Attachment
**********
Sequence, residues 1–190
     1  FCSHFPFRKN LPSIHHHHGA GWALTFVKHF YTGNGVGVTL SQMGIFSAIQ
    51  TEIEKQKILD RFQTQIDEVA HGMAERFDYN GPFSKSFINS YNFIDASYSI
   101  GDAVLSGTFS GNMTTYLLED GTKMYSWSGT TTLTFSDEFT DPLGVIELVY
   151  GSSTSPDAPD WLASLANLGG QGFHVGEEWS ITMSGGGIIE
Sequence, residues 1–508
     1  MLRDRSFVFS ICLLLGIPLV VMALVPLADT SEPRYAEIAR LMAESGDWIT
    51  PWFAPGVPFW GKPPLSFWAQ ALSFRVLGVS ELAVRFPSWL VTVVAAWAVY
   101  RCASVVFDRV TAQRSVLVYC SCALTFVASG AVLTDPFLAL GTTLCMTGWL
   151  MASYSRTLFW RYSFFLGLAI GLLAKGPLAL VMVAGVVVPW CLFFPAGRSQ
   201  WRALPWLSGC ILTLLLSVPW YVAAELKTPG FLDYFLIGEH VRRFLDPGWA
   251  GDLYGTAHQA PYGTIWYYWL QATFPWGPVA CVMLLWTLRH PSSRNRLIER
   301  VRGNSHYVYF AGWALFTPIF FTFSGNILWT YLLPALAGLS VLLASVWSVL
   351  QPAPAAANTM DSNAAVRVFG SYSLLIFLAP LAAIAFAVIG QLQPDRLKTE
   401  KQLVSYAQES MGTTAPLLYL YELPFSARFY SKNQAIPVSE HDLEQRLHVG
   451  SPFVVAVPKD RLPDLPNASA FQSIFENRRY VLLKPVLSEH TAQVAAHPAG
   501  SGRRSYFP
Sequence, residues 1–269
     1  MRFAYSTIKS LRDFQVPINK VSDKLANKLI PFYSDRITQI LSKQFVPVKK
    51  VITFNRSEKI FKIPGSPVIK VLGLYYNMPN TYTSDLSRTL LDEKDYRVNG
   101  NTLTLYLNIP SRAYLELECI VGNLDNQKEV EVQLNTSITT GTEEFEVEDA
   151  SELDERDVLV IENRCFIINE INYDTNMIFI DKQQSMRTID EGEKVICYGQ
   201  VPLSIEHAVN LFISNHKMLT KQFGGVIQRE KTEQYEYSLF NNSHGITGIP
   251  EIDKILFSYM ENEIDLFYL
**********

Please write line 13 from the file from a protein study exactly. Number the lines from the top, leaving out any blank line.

   301  VRGNSHYVYF AGWALFTPIF FTFSGNILWT YLLPALAGLS VLLASVWSVL